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NEA Wins International Engineering Award For Singapore’s Semakau Landfill

23 Nov 2019

The award honours Semakau Landfill as the first offshore landfill in the region where nature and landfilling operations co-exist           

Singapore, 23 November 2019 – The National Environment Agency (NEA) has been recognised for its outstanding engineering feat in the development of Semakau Landfill. The 2019 Hassib J. Sabbagh Award for Engineering Construction Excellence, by the World Federation of Engineering Organizations (WFEO) was presented to NEA at an award ceremony held this evening (23 Nov) in Melbourne, Australia. This prestigious international award affirms the role of engineering in sustainable development.

2          This year, the theme for the award is ‘Sustainable Development for Smart Cities’ in which Semakau Landfill showcased how sustainable waste management can co-exist with flora and fauna. The development of Semakau Landfill, the first offshore landfill in the region, is proof of Singapore’s innovative spirit and strong engineering capability, in response to the twin challenges of Singapore’s growing waste generation and severe land constraints. This unique approach to waste management balances national development and biodiversity conservation in an environmentally sustainable way.

Semakau Landfill’s Success Story

3          Launched on 1 April 1999, Semakau Landfill saw several engineering feats, which included deep-sea piling and open sea construction that required the use of large floating cranes for installation of the roof structures. Adding to the challenge was the obstacle of preserving the island’s biodiversity before landfill operations began. Mitigation measures included the replanting of about 400,000-mangrove saplings on two new plots at the northern and southern fringes of the original island during the Phase I development, as well as the harvesting and transplanting of over 700 colonies of corals in the Phase II lagoon to Sisters’ Island. Over 80 species of birds, inclusive of some endangered species, have been spotted around Semakau Landfill. The thriving coral colonies and wild birds in their natural habitat on Semakau Landfill show that the landfill operations and preservation of the local natural environment can be both achieved at the same time.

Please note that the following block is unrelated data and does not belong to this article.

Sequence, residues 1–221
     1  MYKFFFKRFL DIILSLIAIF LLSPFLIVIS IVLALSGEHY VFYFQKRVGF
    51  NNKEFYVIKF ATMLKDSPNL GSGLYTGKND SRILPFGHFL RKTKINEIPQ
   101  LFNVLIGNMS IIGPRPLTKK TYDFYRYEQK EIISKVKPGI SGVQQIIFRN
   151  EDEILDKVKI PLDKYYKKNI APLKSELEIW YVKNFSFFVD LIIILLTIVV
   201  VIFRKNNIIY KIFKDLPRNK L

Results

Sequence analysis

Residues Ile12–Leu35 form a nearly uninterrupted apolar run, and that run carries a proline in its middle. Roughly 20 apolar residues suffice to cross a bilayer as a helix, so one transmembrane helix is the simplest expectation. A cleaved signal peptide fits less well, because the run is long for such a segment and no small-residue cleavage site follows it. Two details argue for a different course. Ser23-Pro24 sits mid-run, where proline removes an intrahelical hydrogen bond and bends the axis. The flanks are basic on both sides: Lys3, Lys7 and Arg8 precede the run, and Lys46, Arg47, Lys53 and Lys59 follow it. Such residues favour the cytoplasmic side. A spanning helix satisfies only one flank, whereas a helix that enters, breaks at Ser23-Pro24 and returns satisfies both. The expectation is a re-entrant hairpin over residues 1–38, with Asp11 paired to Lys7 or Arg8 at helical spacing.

4          Winning the award this year also signifies an important milestone on the 20th anniversary of Semakau Landfill. The purpose of the Hassib J. Sabbagh Award is to direct the world’s attention to the role of engineering in sustainable development. The award also includes a cash prize of US$10,000, which NEA will be donating to a WFEO project on capacity building for climate change education in the Small Islands Developing States (SIDS). The donation, which will fund training and teaching aids for climate change awareness in schools, underscores NEA and MEWR’s commitment to international and regional cooperation for climate action, and in supporting developing countries in climate change mitigation and adaption.